One approach to dealing with the problems of accuracy when using floating point arithmetic is to perform error analysis. This involves doing calculations to obtain a bound on the error of a particular expression.

One approach is to use the assumption that a real number *x* is
approximated by the number , where . In this equation, is the relative error in the
representation. Hence:

It is now possible to calculate the effect that certain operations will have on the relative error of a floating point computation. Operations such as floating point multiplication will affect the relative error, but not significantly. Let where the desired result is :

Operations such as addition or subtraction, however, can have a much more significant effect on the relative error in certain cases. Consider the subtraction :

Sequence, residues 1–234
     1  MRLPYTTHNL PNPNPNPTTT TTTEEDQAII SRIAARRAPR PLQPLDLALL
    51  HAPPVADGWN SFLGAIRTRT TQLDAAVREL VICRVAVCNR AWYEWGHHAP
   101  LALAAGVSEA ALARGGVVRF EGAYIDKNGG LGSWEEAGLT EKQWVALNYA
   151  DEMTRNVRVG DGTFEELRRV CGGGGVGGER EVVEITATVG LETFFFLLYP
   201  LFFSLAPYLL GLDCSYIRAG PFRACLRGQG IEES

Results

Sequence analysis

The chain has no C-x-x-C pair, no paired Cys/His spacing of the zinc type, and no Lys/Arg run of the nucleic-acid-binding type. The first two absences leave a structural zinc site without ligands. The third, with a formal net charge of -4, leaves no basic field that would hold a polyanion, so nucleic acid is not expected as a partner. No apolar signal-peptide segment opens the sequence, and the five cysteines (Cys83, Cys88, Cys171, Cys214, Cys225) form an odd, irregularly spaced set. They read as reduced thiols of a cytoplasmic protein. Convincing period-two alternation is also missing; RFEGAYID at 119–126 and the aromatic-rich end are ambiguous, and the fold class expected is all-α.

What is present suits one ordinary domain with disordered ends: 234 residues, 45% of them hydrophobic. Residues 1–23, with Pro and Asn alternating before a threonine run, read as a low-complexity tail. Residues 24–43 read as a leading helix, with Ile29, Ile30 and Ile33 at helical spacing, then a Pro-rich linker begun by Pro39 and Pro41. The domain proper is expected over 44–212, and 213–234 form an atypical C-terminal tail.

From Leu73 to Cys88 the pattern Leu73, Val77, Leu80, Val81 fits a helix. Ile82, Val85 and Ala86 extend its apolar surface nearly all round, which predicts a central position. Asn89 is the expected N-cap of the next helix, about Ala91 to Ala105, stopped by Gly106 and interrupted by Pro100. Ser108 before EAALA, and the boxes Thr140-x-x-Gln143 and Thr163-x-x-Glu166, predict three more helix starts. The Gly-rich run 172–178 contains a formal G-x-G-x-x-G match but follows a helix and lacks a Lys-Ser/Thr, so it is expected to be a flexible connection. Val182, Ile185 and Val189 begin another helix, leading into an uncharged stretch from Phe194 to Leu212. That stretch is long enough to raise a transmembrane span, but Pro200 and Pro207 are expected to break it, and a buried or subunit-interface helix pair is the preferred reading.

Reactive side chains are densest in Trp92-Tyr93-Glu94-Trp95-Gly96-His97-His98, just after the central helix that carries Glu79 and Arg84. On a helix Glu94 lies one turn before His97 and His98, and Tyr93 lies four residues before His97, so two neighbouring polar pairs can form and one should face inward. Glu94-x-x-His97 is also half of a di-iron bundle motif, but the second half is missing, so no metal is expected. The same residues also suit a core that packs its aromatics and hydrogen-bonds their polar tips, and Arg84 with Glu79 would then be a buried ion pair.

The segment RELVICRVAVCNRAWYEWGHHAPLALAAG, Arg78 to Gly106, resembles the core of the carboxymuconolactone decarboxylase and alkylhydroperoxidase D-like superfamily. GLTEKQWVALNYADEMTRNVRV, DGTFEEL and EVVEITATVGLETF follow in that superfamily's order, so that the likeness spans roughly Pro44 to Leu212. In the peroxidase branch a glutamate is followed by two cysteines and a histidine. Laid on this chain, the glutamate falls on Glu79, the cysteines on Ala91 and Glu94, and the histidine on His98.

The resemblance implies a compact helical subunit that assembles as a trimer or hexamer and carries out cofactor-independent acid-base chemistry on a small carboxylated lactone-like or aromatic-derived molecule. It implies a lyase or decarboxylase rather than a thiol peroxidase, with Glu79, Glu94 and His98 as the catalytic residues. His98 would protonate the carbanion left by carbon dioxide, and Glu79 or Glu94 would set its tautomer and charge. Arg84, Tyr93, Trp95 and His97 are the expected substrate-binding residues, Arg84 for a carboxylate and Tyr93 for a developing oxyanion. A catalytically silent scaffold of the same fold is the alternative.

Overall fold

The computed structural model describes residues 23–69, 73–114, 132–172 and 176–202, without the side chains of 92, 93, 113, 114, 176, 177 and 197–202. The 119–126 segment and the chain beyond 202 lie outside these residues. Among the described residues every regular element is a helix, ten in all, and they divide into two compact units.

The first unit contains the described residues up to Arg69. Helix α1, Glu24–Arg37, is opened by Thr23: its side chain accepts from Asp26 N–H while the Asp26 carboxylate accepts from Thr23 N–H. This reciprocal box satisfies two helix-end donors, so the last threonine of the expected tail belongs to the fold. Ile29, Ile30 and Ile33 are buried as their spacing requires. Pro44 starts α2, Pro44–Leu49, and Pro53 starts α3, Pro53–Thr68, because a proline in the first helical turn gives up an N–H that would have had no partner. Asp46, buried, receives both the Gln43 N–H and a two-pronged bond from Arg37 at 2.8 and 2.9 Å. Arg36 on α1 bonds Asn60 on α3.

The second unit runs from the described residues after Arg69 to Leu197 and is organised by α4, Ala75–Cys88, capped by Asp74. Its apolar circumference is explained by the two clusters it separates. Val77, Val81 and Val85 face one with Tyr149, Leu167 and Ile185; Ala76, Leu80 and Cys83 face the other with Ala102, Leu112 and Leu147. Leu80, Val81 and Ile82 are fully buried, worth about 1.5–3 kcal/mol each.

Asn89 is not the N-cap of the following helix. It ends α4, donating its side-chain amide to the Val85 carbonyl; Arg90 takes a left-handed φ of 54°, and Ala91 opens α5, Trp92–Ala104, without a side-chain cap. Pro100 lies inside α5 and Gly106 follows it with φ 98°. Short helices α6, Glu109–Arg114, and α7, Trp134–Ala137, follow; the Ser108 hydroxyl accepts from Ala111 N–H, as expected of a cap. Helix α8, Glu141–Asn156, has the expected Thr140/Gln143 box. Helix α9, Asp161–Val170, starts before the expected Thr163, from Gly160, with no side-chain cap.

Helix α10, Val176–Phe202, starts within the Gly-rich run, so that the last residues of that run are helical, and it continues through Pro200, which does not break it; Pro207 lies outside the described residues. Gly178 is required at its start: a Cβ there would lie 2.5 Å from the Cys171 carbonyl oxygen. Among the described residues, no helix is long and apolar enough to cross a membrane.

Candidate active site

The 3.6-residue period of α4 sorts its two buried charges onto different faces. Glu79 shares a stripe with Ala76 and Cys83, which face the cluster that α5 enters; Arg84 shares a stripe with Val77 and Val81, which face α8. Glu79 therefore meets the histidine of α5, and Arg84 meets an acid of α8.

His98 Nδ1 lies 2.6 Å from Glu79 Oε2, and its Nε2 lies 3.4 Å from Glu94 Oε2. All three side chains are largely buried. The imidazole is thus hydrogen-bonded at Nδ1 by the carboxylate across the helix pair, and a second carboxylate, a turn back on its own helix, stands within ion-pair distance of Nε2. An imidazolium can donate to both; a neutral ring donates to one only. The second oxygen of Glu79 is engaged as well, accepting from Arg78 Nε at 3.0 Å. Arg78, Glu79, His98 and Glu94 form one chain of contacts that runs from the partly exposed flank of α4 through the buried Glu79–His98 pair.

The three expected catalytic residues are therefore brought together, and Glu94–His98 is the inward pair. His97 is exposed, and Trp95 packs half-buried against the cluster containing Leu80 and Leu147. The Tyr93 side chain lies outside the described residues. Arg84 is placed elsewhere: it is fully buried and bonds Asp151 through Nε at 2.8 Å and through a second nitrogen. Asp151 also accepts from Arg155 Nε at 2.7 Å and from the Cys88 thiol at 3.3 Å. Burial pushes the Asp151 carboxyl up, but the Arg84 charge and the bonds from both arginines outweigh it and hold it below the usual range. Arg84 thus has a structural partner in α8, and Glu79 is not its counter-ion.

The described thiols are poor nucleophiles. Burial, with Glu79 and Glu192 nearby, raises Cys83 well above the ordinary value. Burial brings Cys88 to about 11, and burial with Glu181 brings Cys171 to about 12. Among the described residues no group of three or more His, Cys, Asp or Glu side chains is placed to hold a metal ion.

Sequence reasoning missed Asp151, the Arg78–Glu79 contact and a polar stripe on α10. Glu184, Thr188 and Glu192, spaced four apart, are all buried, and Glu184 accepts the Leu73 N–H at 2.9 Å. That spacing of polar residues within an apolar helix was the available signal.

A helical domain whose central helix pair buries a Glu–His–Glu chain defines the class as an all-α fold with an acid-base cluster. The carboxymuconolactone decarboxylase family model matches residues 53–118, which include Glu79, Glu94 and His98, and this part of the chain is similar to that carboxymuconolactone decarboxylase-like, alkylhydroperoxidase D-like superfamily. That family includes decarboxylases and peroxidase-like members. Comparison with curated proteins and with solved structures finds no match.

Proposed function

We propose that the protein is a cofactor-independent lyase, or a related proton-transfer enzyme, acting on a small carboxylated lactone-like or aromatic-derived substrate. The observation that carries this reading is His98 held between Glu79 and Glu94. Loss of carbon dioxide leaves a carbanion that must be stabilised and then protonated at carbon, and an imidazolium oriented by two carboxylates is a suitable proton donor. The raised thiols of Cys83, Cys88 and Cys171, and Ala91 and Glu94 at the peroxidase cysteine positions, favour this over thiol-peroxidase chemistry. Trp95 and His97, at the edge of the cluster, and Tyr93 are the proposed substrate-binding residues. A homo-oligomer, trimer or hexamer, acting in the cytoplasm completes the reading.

It is now clear that if *x _{2}* is nearly equal to

The use of simple methods like this, or more sophisticated approaches, allow the accuracy of a given computation to be examined. This may allow the user to have faith in the results of a floating point computation. Knuth [17] describes the approach illustrated here and gives a more detailed discussion of the problem.

The major problems with such methods are that firstly the error analysis may simply tell the user that he or she should have no faith whatsoever in the correctness of the result produced, and secondly that the error analysis must be performed for every computation and is not general.